And then they did. Just before Christmas 2015, a Falcon 9 booster became the first rocket to deliver a payload to orbit, reorient itself, fly back through the atmosphere, find its landing spot — in that case, a pad on the coast at Cape Canaveral — and touch down softly.
Since then, SpaceX has done it again and again, so many times that Musk has achieved his goal, normalizing a feat once thought impossible. Now SpaceX is on the verge of its 50th landing in a launch now scheduled for Sunday, a milestone celebrated within the company and the larger space industry, which has come to agree that ditching rocket boosters into the ocean — the practice for decades — is an expensive waste of a perfectly good vehicle.
“We got there much faster than I ever thought we would,” said Garrett Reisman, a former NASA astronaut who worked at SpaceX for years and now serves as a consultant. “Just over four years — that is really remarkable, the fact that it has become routine in four years. It’s still not routine to me. I get excited. I still get goose bumps.”
For years, rocket boosters propelled their payloads to space, then separated and fell back to Earth, splashing down into the ocean. To Musk and others who pursued the dream of landing the rockets as a way to make space more accessible, that was like throwing away the airplane after a trip from New York to Los Angeles.
“For us to really open up access to space, we have to have full and rapid reusability,” Musk has said.
Precisely how much money SpaceX saves is hard to say. As a privately held company, it doesn’t release precise dollar amounts. But it sells each Falcon 9 launch for about $62 million, and the overwhelming cost of each launch is in the booster, which houses nine engines. The propellant, Musk has said, is a fraction of the cost, about $200,000 or so.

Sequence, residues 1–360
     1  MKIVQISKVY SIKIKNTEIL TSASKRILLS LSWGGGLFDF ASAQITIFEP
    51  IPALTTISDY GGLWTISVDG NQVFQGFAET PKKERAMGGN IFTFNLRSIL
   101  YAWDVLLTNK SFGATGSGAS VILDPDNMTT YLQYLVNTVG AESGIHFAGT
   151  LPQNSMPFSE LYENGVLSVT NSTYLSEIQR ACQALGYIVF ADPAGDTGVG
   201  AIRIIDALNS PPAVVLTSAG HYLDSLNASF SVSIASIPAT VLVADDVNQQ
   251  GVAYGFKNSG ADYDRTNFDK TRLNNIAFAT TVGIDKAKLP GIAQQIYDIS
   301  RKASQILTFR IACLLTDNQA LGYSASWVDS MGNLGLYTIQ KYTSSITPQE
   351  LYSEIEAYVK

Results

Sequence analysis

The space shuttle was reusable as well, but it took an army of workers to get it ready for the next flight, and it never achieved the kind of efficiency initially envisioned. “The key isn’t just to make it reusable,” Reisman said. “If you have to completely rebuild it every time, your economic advantage is going to erode. I can tell you achieving that economically affordable reusability is key, and we’ve done that.”
Jeff Bezos agrees. His space company, Blue Origin, has landed a series of New Shepard boosters as well — but those go up to scratch the very edge of space before falling back down on trips that don’t orbit the Earth. It plans to recover its more powerful New Glenn rocket, however, in much the same way SpaceX does. (Bezos also owns The Washington Post.)
The United Launch Alliance, the joint venture of Boeing and Lockheed Martin, has talked about recovering not the entire booster, but popping out the most valuable part — the engines — and catching them with a grappling hook as they fall back to Earth under a parachute. And Rocket Lab had initially said it wouldn’t try to reuse its small rockets but has since reversed course.